Plastic Odyssey: Cleanup the Past, Build the Future
For Plastic Odyssey, ocean plastic pollution results from a lack of infrastructure, incentives and education. Its ambitious goal is to build an international network of recyclers sharing good practices around plastic waste management and alternatives to plastics, and to spread solutions that are low tech and entrepreneur-driven. We met with Jean-Baptiste Grassin, Global Coordinator for Recycling Projects, based in Hong Kong.
By Isabelle Chabrat
When did you start working with Plastic Odyssey ?
I started during my Master in Technology, Leadership, Entrepreneurship at HKUST in June 2020 as I was sharing a similar vision and thought we could benefit from joining forces. Plastic Odyssey starts from strong scientific grounds that it is too late to act when plastics enter the ocean: a large majority sinks and it is then way too costly and too diluted.
Plastic Odyssey is a boat, an expedition, a network ?
Plastic Odyssey project is a world expedition onboard a 131-ft long vessel embarking a full plastic recycling lab, to create an international network of plastic recyclers and innovators, all entrepreneurs driven. The goal is to strengthen this network along the way, document good practices and ideas, analyze and share innovation and support organizations to implement them!
Plastic Odyssey has several legal structures depending on frame of activities, a social enterprise-like structure for the expedition, two non-profits for community and public engagement, as well as entrepreneur incubation for project development.
When will the Odyssey start ?
The boat is expected to start the expedition from Marseille, France end of 2022 for 3 years, and visit several areas of the world : the Mediterranean sea, West Africa, South America, Asia-Pacific, East Africa and back to France.
What’s on board ?
The boat is organized with 2 main sides: the back is dedicated to ‘Clean up the past’ (the onboard recycling unit, showcasing technical solutions and machines to show what can be done with plastic waste, convince leaders, test ideas with innovators etc. The front is driven by the motto ‘Build the future’ (the upstream solutions), offering alternatives to plastics, ways to refuse, reduce, reuse gathered around the world. These 2 sides embody the necessary dual approach of Plastic Odyssey, acting both downstream and upstream as there is a plastic emergency to be solved and yet recycling is not the ultimate solution in the long run, hence the necessity to quickly find alternatives as well.
Do you already have innovative solutions to share ?
What we offer regarding plastic waste management solutions is a new scale of recycling machines adapted to Low & Middle Income Countries (LMIC), lacking waste transformation infrastructure, remote areas and islands. We are offering ‘containerized plastic transformation units’ – low-tech, low CAPEX, semi-industrial scale (significant volumes over 200 tons per year per unit). We are launching this year a batch of 5 projects with various recycled products outcomes (construction materials, furniture such as paving blocks, lumbers, pallets, tiles as well as fuel via pyrolysis).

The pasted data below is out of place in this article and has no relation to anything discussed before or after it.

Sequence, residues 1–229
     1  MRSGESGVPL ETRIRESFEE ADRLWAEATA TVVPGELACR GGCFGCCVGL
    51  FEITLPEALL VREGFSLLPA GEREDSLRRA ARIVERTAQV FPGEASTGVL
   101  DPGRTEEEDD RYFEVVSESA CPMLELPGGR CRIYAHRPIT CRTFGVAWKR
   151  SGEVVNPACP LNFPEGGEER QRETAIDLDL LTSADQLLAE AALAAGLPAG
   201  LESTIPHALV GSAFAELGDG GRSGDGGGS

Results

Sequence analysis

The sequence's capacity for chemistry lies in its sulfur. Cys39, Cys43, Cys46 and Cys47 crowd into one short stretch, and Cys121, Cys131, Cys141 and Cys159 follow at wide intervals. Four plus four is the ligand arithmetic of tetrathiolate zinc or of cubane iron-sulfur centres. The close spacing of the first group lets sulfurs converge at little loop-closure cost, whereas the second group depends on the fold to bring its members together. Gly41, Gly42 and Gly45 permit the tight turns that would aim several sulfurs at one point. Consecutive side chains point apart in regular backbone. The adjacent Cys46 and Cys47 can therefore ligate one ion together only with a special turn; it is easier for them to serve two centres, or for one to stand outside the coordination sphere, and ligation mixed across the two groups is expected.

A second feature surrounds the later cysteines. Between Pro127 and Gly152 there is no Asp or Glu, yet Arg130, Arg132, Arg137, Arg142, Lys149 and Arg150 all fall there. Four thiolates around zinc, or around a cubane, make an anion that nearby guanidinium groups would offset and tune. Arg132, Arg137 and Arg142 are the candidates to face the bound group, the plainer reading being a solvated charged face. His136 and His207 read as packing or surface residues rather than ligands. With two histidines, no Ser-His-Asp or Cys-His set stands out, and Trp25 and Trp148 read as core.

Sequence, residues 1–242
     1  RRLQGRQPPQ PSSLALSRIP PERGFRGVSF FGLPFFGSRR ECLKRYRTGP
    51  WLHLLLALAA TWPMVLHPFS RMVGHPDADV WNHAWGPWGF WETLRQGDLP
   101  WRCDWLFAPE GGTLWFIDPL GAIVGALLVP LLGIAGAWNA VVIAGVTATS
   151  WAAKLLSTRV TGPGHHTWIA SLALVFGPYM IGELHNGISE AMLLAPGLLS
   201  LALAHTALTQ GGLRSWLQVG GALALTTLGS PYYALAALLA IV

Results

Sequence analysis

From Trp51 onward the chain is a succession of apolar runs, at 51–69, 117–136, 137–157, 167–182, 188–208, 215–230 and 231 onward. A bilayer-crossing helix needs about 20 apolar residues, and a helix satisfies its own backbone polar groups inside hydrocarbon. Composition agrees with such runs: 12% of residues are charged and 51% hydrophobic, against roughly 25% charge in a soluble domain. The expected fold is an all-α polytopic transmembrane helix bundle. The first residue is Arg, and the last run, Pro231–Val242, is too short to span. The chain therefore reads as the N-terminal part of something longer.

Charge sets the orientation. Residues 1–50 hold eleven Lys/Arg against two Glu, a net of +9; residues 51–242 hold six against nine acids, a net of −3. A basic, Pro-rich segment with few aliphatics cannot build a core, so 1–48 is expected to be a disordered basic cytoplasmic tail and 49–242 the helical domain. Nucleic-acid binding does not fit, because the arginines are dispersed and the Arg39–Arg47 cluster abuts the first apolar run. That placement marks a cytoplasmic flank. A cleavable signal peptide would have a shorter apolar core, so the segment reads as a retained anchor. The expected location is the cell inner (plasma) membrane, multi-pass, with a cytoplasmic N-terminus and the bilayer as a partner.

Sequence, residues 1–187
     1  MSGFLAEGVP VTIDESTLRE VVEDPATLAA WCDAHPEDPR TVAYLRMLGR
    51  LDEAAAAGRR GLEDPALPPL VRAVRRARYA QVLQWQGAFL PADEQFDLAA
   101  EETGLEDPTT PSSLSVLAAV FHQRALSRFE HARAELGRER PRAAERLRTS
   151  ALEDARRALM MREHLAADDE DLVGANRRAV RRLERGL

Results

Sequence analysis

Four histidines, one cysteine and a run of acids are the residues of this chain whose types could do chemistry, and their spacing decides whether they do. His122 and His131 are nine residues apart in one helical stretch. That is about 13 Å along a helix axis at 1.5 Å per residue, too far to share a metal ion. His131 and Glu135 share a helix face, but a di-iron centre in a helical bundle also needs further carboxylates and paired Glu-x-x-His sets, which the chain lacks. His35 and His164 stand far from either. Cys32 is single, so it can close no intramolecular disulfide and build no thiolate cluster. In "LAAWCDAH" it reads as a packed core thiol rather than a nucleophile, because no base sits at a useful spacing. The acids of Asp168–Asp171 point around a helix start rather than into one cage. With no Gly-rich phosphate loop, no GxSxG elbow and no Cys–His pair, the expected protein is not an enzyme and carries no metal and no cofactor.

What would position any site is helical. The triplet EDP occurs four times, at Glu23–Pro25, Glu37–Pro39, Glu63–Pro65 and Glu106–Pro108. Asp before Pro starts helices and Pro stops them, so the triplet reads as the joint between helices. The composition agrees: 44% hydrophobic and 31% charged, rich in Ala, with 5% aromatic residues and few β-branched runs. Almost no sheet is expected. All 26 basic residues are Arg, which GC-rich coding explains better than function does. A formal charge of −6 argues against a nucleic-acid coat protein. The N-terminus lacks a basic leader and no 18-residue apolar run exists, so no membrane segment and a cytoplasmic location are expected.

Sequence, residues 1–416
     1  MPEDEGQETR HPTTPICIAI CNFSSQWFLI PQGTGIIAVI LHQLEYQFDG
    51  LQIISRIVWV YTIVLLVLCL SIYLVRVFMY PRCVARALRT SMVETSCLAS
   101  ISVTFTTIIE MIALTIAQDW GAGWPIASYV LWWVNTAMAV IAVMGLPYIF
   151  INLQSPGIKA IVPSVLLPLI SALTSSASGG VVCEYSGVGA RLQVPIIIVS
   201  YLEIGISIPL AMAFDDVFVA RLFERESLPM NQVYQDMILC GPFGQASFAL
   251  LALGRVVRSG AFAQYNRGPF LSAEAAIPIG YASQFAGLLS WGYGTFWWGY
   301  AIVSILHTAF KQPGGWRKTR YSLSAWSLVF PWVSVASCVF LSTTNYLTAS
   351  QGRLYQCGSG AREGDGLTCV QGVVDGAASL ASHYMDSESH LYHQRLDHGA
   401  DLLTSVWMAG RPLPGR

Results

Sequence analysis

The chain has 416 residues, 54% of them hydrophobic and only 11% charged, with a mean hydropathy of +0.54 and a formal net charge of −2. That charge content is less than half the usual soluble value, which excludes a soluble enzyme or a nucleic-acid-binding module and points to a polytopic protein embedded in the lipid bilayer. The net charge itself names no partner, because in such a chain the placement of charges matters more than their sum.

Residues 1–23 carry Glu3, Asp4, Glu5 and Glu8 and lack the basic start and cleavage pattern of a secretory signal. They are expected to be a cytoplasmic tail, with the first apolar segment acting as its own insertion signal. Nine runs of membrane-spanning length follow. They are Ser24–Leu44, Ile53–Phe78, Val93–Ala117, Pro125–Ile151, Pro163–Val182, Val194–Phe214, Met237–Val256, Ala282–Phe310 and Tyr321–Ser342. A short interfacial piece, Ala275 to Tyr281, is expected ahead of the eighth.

We are offering technical and economic training and support.
We keep conducting research for new solutions for waste transformation as well as waste reduction and alternatives across the globe. For this, we launched a 1 st platform with our first open source recycling solutions (technology.plasticodyssey.org) and are working on a 2 nd version, integrating much more content. We are providing trainings and education tools for schools and teachers with for instance our ‘Code Ocean’ online platform and on site workshops.
How will you test new solutions ?
We are both experimenting onboard the ship and through pilot projects across the globe with motivated entrepreneurs and organisations. Those recycling labs aim at bearing fruits for future adjustments and replications to enable more sustainable social ventures to startup.
Will you use plastics as fuel for the boat ?
We have a pyrolysis onboard the ship to showcase the concept of plastic pyrolysis: turning low value waste and residue into fuels such as diesel to power the boat. This will be used onboard as well as during stopovers to introduce the solution when adapted to the local context (island nations for instance).
Will the boat come to Hong Kong and China ?
The stopovers around Asia are still flexible and a stop in Hong Kong or China could be arranged depending on opportunities. The aim is to put a spotlight on local activities. The social-economic situation of Hong Kong is way different from The Philippines or Indonesia which are initially more in the scope. However, the archipelago situation of Hong Kong as well as the urgent need to find local ways to cope with waste create a business case for semi-industrial local solutions to be implemented, by adjusting the business model. One big challenge for Hong Kong remains to reduce massively its plastic consumption when more than 2,000
tonnes of plastics are currently thrown away on a daily basis in the 7 million people city, which is enormous.
What are the main challenges ?
The whole challenge of the project initially was to find a way to make plastic recycling accessible both technically and financially for the targeted market of LMIC. As such, projects are more bankable, specifically regarding the CAPEX. They are also turnkey solutions – easier to set up, operate and maintain.
The big next step for Plastic Odyssey is to finish proving the concept with the first batch of recycling projects in different contexts to show that the model works and then scale-up the machines manufacturers capacity (preferably within targeted regions) as well as directly attract funding for batches of projects rather than on a case by case basis.